Young black men have been arrested for misdemeanor offenses at a far greater rate in New York City over three decades as more-serious felony arrests have dropped to record lows, says a new study by John Jay College of Criminal Justice reported by the Wall Street Journal. The study found that the rate of misdemeanor arrests, which includes property theft, drug possession and resisting arrest, for all races increased from 1,174 arrests per 100,000 people in 1980 to a peak of 3,774 in 2010.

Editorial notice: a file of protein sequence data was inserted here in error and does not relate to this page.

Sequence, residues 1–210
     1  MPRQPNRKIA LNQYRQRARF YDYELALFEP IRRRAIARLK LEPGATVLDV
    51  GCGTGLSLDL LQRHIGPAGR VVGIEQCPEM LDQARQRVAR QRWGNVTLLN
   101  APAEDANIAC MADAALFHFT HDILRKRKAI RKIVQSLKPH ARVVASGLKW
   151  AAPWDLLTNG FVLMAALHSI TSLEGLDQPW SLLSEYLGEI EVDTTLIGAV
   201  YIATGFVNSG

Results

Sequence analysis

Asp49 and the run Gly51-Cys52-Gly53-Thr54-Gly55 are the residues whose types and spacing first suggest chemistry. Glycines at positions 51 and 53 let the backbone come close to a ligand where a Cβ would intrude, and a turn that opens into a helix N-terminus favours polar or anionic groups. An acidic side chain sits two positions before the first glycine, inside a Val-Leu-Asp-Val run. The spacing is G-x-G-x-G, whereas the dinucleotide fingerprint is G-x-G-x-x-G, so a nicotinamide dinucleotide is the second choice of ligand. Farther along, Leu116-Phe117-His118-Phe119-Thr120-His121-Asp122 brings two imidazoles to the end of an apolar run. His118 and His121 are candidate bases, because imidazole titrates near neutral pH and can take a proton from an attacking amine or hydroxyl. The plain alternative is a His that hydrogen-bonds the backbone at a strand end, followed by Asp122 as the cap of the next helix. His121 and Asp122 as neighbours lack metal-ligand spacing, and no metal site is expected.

The misdemeanor arrest rates for both whites and blacks doubled between 1990 and 2010. Hispanics saw a smaller increase. The rate of misdemeanor arrests for black men between the ages of 18 and 20 almost tripled between 1990 and 2013. Since 2010, the number and rate of misdemeanor arrests in the city has dropped. Richard Aborn, president of the nonprofit Citizen's Crime Commission of New York, attributed the recent drop in misdemeanor arrests to fewer stop and frisk stops being conducted by police officers and a drop in low-level marijuana arrests. “There is a robust discussion going on across the country about alternatives to arrest and I think this reports aids in that discussion,” he said.